The reality is the Government does not have numbers in the Senate. Welcome to the world of the Australian Senate. That’s certainly again a question for the Attorney-General to determine. I think the Prime Minister has made it incredibly clear that our tax plan, our tax plan, tax relief to Australians – a long-term strategy to ensure that the Australian people had more money in their back pocket. That is our priority. This is not only about Mr Setka; this is about the Australian Labor Party. Mr Albanese’s standing there, as are many other members of the Australian Labor Party, and saying: Mr Setka has to go, but whilst they are financially tied to the CFMEU they are nothing more and nothing less than weasel words.

JOURNALIST: [Inaudible]

MINISTER CASH:

I think that the Prime Minister and the Minister for Finance have been very clear. We took a very clear plan to the Australian people at the recent federal election. That included all three stages of our plan for income tax relief. Both the Prime Minister and the Minister for Finance have said that will be the plan that we will be presenting to the Parliament. Bearing in mind that on 18th of May, which is really only but a few weeks ago, the Australian people voted to endorse that plan. The test is now, well another test for Anthony Albanese. He said he’s on a listening tour. Well, certainly, the feedback that I have seen throughout the entire election campaign from people on the street, hardworking Australians, is that they want a Government that’s going to pass tax reform. If Mr Albanese is genuine about listening to the Australian people he will respect the fact that they voted to endorse the Government’s tax plan in full.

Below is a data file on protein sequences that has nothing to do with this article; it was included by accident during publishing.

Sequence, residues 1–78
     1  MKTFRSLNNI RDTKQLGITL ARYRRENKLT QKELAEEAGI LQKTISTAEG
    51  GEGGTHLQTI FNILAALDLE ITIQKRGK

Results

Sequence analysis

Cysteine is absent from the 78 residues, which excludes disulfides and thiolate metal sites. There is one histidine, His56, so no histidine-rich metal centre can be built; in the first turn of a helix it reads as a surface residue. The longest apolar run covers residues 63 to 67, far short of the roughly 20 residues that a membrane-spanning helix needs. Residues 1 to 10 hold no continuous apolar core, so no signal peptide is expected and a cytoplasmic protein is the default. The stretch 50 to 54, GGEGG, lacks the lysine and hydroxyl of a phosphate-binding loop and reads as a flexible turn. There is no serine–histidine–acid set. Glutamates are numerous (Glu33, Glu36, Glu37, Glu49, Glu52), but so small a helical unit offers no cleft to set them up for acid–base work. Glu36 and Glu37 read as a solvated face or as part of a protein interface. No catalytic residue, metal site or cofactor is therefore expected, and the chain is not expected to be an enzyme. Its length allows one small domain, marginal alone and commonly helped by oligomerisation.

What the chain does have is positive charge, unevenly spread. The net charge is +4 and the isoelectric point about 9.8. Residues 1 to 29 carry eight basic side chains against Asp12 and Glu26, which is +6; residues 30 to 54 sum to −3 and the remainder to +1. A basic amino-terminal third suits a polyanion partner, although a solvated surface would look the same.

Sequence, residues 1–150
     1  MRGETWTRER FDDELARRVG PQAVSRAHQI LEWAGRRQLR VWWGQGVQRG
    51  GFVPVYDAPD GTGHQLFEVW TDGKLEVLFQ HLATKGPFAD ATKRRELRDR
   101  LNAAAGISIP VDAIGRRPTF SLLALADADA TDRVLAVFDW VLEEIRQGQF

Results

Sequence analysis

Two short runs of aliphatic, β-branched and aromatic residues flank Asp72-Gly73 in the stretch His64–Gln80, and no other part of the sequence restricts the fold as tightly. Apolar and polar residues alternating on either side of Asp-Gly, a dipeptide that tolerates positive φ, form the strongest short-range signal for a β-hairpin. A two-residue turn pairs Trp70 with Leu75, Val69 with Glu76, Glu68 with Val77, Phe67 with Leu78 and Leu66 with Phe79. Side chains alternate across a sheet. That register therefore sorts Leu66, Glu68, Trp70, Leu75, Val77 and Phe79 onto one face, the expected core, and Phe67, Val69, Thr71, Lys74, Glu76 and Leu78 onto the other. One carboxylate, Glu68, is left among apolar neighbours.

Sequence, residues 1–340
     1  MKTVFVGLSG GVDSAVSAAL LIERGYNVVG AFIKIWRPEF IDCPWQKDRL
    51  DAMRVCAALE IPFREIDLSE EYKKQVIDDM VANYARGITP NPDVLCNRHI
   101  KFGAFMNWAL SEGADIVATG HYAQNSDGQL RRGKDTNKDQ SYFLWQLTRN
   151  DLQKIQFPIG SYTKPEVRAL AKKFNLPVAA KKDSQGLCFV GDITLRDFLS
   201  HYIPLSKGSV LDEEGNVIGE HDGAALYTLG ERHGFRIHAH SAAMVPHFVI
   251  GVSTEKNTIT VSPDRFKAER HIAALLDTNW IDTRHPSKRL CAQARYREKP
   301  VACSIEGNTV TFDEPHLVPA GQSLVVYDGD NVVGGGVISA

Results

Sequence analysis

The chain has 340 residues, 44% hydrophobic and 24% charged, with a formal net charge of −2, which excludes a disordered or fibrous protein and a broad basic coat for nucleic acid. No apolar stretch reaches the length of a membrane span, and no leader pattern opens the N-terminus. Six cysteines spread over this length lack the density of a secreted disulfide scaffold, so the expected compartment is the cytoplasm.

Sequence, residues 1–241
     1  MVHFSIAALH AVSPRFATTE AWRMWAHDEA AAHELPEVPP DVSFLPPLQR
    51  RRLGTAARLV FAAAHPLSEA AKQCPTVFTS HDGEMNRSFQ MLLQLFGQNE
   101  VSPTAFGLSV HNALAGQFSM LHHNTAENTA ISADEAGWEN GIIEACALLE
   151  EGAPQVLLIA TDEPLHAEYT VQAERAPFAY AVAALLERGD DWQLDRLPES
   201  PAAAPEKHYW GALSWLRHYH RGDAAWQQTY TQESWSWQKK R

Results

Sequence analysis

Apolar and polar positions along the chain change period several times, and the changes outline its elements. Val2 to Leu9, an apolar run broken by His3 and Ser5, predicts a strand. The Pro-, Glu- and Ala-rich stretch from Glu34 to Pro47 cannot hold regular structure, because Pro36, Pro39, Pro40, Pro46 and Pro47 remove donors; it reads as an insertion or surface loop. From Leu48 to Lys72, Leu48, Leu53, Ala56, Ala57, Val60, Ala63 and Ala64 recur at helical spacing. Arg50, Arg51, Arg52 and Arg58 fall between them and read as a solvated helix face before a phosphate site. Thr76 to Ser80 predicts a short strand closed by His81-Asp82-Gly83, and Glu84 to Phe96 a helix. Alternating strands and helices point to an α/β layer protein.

JOURNALIST: What would you like to see it happen? Would you like to see it happen?

MINISTER CASH: